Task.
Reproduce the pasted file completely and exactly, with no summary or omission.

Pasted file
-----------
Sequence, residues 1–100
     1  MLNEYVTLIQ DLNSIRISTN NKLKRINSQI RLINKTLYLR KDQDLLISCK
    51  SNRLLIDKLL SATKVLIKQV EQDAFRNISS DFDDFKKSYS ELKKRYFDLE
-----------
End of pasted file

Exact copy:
Sequence, residues 1–100
     1  MLNEYVTLIQ DLNSIRISTN NKLKRINSQI RLINKTLYLR KDQDLLISCK
    51  SNRLLIDKLL SATKVLIKQV EQDAFRNISS DFDDFKKSYS ELKKRYFDLE